NUNEZ For us, a failure of negative screen test is the challenge. We have underlying clients that have said no to coal or other sectors within the portfolio. Even though we have seen some transactions with active strategies to transition away from a sector or commence with renewable projects or environmental strategies, it is challenging when clients are imposing a screening directive to the sector outright.
There may be some movement in the future and some clients may come around to alternative thinking. Let’s use power as an example. We can’t just say no to a company that is providing coal power to the nation but is also actively shifting to renewables, but we have to say no under a negative screen. We need to see active transition and we have to find a way to measure it and to articulate what should be a clear transition story to investors.
PEARSON As I mentioned earlier, a focus for QBE is the US$2 billion ambition to achieve in impact investments globally by 2025. The requirements are to meet risk-adjusted returns and to have a positive impact. It’s not about premia for ‘less bad’. As much as the transition to a low-carbon economy needs to be funded, our programme focuses on positive impacts. It’s not to say we wouldn’t own brown-to-green instruments in other parts of our fixed-income book, assuming they passed ESG and negative-screening criteria.
BISHAY One of the reasons I look at a transition bond differently from a green bond is that if I invest in a transition bond I am exposed, from an impact perspective, to the full company that could be producing a bucket load of emissions. If it changed the delta, which is what we’re all trying to achieve, I still have exposure to a huge amount of emissions.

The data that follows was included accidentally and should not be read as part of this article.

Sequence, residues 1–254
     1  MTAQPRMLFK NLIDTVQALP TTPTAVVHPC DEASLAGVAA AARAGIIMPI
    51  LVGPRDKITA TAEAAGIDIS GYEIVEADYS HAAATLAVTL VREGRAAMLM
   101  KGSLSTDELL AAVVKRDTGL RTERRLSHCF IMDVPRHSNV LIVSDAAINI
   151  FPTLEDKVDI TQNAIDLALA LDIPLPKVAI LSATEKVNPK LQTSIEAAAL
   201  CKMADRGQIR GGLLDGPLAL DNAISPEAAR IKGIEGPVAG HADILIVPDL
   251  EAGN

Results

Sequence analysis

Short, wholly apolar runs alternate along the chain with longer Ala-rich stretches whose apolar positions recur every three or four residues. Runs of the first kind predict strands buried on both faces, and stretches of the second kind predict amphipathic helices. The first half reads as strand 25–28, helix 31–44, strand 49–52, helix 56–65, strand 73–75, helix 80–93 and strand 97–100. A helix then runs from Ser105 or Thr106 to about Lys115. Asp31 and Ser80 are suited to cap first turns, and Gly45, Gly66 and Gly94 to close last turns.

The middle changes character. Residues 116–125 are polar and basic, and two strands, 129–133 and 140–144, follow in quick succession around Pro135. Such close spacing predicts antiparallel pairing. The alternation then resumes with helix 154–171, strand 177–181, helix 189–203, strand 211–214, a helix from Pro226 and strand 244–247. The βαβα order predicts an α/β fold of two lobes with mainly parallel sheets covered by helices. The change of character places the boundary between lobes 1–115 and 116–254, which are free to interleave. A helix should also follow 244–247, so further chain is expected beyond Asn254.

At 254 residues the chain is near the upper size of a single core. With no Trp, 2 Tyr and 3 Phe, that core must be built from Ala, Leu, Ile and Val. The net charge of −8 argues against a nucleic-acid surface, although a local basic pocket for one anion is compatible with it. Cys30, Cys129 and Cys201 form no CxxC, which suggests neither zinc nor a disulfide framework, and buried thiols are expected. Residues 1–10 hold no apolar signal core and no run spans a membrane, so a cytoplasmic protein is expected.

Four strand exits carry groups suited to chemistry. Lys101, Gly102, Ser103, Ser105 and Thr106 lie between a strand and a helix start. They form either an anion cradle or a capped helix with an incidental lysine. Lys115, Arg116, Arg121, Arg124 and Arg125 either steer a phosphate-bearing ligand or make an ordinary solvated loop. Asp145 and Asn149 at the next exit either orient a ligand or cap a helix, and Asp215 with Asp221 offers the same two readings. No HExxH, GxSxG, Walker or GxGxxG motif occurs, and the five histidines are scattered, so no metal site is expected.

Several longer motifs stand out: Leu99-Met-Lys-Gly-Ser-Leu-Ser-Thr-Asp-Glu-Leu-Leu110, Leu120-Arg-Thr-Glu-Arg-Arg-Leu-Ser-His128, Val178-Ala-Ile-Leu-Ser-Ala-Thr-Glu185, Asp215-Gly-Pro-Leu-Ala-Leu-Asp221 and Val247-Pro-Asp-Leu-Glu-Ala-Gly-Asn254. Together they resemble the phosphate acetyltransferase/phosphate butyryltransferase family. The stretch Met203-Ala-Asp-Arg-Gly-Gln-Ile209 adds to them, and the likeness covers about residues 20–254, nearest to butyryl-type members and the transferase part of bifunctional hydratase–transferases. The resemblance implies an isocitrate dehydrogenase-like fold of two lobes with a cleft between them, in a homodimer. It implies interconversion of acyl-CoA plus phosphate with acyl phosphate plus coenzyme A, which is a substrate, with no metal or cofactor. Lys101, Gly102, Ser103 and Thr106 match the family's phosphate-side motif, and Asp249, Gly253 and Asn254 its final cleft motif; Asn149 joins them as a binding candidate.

If I am happy with the credit quality of the issuer my preference, without question, is a ringfenced bond to a specific project rather than general corporate activity.
WARD We would like to fund transition stories and to see companies bring emissions down over time. There is a lot of trust implicit in the targets that companies set as part of their transition plans. It is a bigger monitoring job than a labelled bond and explaining any slippage in timeframe to investors takes resourcing.
Peacock Where will this courage come from? In various parts of the survey we got a reasonably strong sense that member preferences are driving investment decisions.
WARD This is the case for some segregated funds. On the super fund side, rather than being driven by mum and dad superannuants, the trustees are taking more of an active interest in what they are funding. This is being driven by governance principles and the Modern Slavery Act.
ESG is part of the analysis process when we look at credit. We are effectively positive screening by knocking companies out where we aren’t comfortable with governance or some other practices.
A lot of the passion in getting comfortable with a transition story will come from credit analysts. As a credit analyst, I wouldn’t want to have to explain to portfolio managers why I supported this company but the rest of the credit investment universe didn’t agree with me. Part of the bravery will come from credit analysts pushing ideas through portfolios.